Neshoba County, Miss. The civil rights movement will forever hold a place in the history of overcoming burdens and challenges. This movement led to one of the most important events in Mississippi history that occurred in Neshoba County. To commemorate the struggles, the journey, and the success over the past 50 years, numerous supporters gathered on the lawn of the Neshoba County Courthouse, to remember the lives of those who paved the way for millions.
"This 50th anniversary year is important in terms of reminding people that the civil rights movement did not end in the 1960s and we are still fighting this fight," said Portland, Oregon, resident Joyce Harris.
A fight that has allowed so many across the country to feel a sense of change in the atmosphere, especially among how others are treated.
"We've seen a change among the friendship, especially among the younger people between black and whites, said Philadelphia resident Emma Myers. "The kind of things you just wouldn't see then. I still think there's a suttle form of prejudice."
Many in the area understand that the past 50 years can be considered a victory in how our mentality has changed, but some still feel that there are still a lot of barriers to break.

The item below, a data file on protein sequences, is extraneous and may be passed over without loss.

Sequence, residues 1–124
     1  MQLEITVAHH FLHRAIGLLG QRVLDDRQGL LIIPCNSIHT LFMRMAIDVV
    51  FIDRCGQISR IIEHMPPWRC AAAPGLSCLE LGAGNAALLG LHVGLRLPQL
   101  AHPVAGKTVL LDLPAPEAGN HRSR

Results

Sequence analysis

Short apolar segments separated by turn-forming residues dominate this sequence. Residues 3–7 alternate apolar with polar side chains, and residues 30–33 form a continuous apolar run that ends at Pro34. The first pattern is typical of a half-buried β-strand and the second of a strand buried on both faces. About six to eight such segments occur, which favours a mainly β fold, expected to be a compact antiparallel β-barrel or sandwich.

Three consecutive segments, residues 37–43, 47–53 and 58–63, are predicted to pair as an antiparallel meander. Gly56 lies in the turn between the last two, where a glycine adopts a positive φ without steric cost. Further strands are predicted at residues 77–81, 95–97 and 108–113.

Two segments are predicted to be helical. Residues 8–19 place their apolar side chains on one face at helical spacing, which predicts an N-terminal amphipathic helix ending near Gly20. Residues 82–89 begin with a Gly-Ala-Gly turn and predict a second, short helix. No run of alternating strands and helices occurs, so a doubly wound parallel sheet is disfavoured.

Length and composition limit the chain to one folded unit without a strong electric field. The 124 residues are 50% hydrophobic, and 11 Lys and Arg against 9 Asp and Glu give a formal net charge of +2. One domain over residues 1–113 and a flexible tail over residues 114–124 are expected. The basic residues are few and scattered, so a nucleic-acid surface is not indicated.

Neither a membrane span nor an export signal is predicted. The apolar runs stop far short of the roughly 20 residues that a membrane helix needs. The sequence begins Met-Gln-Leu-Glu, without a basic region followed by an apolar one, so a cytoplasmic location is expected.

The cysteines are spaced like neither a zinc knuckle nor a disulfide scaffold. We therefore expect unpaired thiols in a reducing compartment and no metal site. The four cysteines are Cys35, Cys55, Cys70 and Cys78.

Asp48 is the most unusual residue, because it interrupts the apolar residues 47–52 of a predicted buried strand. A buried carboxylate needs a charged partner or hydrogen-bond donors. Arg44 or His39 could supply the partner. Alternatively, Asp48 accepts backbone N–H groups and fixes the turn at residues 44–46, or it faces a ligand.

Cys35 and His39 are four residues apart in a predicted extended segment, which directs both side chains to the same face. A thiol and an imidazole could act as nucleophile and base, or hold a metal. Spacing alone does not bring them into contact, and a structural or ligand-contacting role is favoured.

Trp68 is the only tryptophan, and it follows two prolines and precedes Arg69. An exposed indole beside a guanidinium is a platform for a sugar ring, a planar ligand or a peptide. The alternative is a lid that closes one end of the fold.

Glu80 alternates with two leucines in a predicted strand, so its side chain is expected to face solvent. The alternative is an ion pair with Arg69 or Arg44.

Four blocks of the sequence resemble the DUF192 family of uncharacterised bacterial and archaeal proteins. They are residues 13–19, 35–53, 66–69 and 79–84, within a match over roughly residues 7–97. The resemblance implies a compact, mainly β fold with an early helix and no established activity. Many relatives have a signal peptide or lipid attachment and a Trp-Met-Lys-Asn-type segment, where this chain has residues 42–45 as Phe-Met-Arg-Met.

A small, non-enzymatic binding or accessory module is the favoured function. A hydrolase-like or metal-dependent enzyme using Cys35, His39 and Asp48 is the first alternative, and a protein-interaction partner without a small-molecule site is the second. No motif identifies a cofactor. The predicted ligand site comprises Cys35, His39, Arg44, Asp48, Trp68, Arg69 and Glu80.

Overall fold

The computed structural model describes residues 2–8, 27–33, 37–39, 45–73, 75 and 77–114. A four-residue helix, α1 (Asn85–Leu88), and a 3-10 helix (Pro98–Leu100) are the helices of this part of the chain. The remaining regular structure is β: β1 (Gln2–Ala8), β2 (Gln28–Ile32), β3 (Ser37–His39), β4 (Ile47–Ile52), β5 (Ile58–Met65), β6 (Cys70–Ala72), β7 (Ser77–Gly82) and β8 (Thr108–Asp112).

"You always have some people who have the what I would call slave mentality or that they shouldn't be where they are or enjoying the same freedoms we are enjoying," said Pastor M.C. Thompson Jr. of Mount Nebo Missionary Baptist Church. "I think it's mainly with the people and I think a lot of it ignorance to be honest because once people get to know each other, then they really see there is no basic difference. As far as I'm concerned there's only one race which is the human race."
The foundation for civil rights was laid in the 1960s and many believe we still have a long way to go.
"I know that I stand on the shoulders of the people in the South who gave their lives, who fight that fight and who continue to fight the fight," said Harris.